Exactly three years ago, Narendra Modi took oath as Prime Minister of India with a promise to revive growth momentum and job creation. Such landslide victory ended 10 years of the United Progressive Alliance (UPA) which was marred in various kinds of scams. It is evident that the political leadership was failing to tame the massive irregularities which baffled the citizens.
Recognising the aspiration of the common people, Prime Minister Modi promised many things to deliver ranging from job creation to doubling farmers’ income and uprooting of corruption in India.
With strong leadership will, the Union Government took several policy decisions and dismantled various colonial relics of policy making. In this backdrop, Impact News is shedding light on how the Modi Government scripted a new policy narrative in the last three years which are largely ignored by experts.
From Demonetisation to Remonetisation: At a time when Indians were grappling with huge fake currencies, the Union Government demonetised two banknotes of 1,000 rupees and 5, 00 rupees in late 2016. It was an unprecedented step. Following this decision, the entire nation was queued to exchange their notes in the given time span as mandated by the Union Government. It posed severe hardships to many families but the Government was determined. According to the Economic Survey 2017, “The aim of the action was fourfold: to curb corruption; counterfeiting; the use of high denomination notes for terrorist activities; and especially the accumulation of “black money”, generated by income that has not been declared to the tax authorities.” In this backdrop, the Union Government aggressively advocated embracing a cashless economy. To dispel confusion and hone the understanding of the currency swap practice, the state-driven narrative countered the opposing voices and dissents in a concerted effort. With the arrival of new notes, they claimed that India has entreated into the phase of remonetisation.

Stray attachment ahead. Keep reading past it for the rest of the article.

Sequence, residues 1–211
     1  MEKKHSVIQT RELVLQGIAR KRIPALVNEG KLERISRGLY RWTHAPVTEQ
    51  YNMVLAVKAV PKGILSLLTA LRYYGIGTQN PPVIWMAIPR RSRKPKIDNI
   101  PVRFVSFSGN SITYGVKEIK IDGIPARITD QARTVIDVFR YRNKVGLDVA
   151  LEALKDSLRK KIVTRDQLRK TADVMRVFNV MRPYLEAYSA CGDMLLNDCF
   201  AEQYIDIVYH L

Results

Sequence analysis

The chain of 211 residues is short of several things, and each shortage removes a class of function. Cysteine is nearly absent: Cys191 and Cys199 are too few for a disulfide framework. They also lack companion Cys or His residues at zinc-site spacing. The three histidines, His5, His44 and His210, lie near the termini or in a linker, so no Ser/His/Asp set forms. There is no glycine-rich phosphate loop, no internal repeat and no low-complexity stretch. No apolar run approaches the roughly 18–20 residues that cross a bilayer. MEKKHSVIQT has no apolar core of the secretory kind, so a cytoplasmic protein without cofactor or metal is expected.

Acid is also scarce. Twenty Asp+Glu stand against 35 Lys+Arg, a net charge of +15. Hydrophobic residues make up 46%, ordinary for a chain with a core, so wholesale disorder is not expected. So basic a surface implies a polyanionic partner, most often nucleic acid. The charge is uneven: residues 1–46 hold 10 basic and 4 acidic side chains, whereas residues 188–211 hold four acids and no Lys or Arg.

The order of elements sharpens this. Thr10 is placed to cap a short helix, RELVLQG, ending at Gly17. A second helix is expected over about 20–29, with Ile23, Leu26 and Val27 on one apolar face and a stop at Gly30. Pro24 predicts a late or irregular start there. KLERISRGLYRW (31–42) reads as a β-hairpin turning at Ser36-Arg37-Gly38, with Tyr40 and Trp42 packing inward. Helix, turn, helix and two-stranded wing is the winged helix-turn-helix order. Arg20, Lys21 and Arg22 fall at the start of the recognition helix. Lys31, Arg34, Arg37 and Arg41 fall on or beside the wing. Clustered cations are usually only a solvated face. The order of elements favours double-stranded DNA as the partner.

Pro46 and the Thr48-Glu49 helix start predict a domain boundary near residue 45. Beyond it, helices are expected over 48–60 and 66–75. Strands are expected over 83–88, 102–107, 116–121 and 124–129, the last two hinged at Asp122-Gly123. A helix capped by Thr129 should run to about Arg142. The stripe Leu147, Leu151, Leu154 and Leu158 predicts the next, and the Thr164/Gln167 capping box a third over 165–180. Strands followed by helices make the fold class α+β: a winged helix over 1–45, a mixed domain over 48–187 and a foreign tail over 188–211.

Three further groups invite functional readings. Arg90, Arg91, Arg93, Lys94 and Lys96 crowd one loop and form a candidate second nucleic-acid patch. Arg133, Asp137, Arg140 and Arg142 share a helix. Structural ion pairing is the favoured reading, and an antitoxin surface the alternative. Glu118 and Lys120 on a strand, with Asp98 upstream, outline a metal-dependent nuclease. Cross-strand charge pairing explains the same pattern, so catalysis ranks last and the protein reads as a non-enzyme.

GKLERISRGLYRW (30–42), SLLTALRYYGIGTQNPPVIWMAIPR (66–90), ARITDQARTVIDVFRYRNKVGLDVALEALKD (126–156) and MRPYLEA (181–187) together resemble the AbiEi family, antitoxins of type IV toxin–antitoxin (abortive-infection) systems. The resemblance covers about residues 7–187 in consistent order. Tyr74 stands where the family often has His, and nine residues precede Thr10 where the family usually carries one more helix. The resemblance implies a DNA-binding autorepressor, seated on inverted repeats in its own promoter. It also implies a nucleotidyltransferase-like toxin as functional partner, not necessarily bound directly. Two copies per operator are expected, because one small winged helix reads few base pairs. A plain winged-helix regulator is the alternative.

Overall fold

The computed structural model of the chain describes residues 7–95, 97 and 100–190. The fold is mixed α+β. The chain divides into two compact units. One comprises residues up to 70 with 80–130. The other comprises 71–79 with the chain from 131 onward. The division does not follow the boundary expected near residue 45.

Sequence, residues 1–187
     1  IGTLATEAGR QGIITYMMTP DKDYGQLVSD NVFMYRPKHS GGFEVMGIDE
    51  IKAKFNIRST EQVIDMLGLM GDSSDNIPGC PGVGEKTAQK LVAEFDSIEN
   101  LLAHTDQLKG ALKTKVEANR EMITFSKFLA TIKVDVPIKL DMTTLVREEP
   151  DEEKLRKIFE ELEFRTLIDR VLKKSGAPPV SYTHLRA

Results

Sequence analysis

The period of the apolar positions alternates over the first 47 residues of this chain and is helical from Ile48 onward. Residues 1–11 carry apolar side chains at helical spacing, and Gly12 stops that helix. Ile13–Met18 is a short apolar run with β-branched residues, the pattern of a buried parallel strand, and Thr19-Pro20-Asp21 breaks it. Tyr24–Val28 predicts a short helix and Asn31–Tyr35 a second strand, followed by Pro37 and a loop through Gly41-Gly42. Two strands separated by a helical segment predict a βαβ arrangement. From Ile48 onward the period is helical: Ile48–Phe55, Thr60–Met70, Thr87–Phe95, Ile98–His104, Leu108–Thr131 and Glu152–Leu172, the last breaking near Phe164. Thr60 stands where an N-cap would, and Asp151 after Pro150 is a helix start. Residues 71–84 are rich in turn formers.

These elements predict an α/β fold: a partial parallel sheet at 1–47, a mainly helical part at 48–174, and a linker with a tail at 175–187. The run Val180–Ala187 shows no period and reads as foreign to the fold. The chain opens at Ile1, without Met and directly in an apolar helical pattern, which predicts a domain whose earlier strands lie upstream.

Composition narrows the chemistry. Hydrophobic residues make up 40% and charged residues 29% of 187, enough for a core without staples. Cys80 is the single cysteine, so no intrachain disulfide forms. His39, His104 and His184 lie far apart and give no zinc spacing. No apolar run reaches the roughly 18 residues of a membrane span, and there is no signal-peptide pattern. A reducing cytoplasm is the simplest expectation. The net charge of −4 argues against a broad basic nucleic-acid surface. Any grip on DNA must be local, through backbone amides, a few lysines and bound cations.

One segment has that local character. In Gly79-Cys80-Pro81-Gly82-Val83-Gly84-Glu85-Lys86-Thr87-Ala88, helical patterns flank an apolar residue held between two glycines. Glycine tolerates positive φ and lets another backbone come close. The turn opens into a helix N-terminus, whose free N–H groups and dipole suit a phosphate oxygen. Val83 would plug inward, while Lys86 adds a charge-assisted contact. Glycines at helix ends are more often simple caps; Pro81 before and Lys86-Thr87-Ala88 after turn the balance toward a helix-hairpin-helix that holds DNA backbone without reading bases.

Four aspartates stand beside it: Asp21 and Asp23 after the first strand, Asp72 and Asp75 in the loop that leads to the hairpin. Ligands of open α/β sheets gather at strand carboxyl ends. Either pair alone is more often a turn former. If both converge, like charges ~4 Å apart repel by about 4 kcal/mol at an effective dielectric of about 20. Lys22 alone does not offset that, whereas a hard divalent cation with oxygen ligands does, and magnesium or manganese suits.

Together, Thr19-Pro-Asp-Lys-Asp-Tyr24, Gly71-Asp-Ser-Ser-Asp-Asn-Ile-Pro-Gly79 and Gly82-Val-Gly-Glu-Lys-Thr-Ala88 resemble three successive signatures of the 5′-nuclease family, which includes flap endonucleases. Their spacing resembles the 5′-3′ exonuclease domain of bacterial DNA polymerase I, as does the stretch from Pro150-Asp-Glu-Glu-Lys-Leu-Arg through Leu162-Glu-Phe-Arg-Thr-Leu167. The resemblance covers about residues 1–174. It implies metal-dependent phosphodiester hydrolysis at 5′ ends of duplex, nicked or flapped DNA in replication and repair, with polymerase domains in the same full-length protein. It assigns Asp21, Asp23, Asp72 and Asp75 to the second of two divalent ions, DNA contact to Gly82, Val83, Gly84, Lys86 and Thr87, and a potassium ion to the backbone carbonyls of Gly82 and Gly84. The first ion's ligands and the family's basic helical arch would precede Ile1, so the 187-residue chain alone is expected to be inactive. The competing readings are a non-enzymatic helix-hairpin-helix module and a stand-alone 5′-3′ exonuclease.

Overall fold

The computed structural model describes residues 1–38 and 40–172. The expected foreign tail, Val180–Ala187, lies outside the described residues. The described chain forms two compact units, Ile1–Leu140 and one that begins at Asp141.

Replacement of the Planning Commission: In his maiden address from the rampart of historic Red Fort in 2014, Narendra Modi -Prime Minister of India- underlined the importance a new organisation to deal with challenges of an emerging economy. Under the leadership of Jawaharlal Nehru – the then Prime Minister of India, the Union Government crafted the Planning Commission in the 1950s to plan Indian economy. With formation this apex institution, it served the nation. With changing nature of governance and demand, the policy makers released inadequacy of the Planning Commission in dealing with various states. But the top leadership lacked the courage to scrap this dominant institution. With the arrival of theNational Institution for Transforming India (NITI Aayog), the Planning Era has lost its relevance. After the third annual meeting, NITI Aayog showcased its action plan for three years.
The merger of the Railway Budget with the Union Budget: In 2017, the Union Government decided to scrap the Railway Budget. It was a complete departure from the past. The Railway Budget was an enduring legacy of the colonial rule. As we all know that the colonial ruler introduced a huge rail network to exploit and extract the natural resources in India. Such rail networks required a separate budget. In order to run it properly, the British Government installed the network. Since then, the Governments actively involved in this customary policy exercise. From time to time, experts questioned its relevance but it managed the onslaught of the economic liberalisation in the early nineties. According to the official documents, the merger of Railway Budget with General Budget is based on the recommendations of the Committee headed by Bibek Debroy, Member, NITI Aayog. Shedding light on the merger, the Economic Times reported, “The merger of the Union Budget and Railway Budget was proposed by the Railway Minister and endorsed by the NITI Aayog (National Institution for Transforming India- Government of India’s policy think-tank established to replace the Planning Commission).”
Tracking the Migration: The Economic Survey 2016-17 revealed that labour mobility in India is much higher than has been previously estimated. Migration within India is between 5 and 9 million annually. Another interesting finding of this study is that the acceleration of migration was particularly pronounced for females and increased at nearly twice the rate of male migration in the 2000s. The Survey stated that the Cohort-based Migration Metric(CMM) is developed to analyse recent trend in labour mobility. Outlook quoted, Arvind Subramanian, chief economic adviser to the Finance Ministry, “The first-ever estimates of internal work-related migration using railways data for the period 2011-2016 indicate an annual average flow of close to 9 million migrant people between the states. Both these estimates are significantly greater than the annual average flow of about 4 million suggested by successive Censuses and higher than previously estimated by any study.”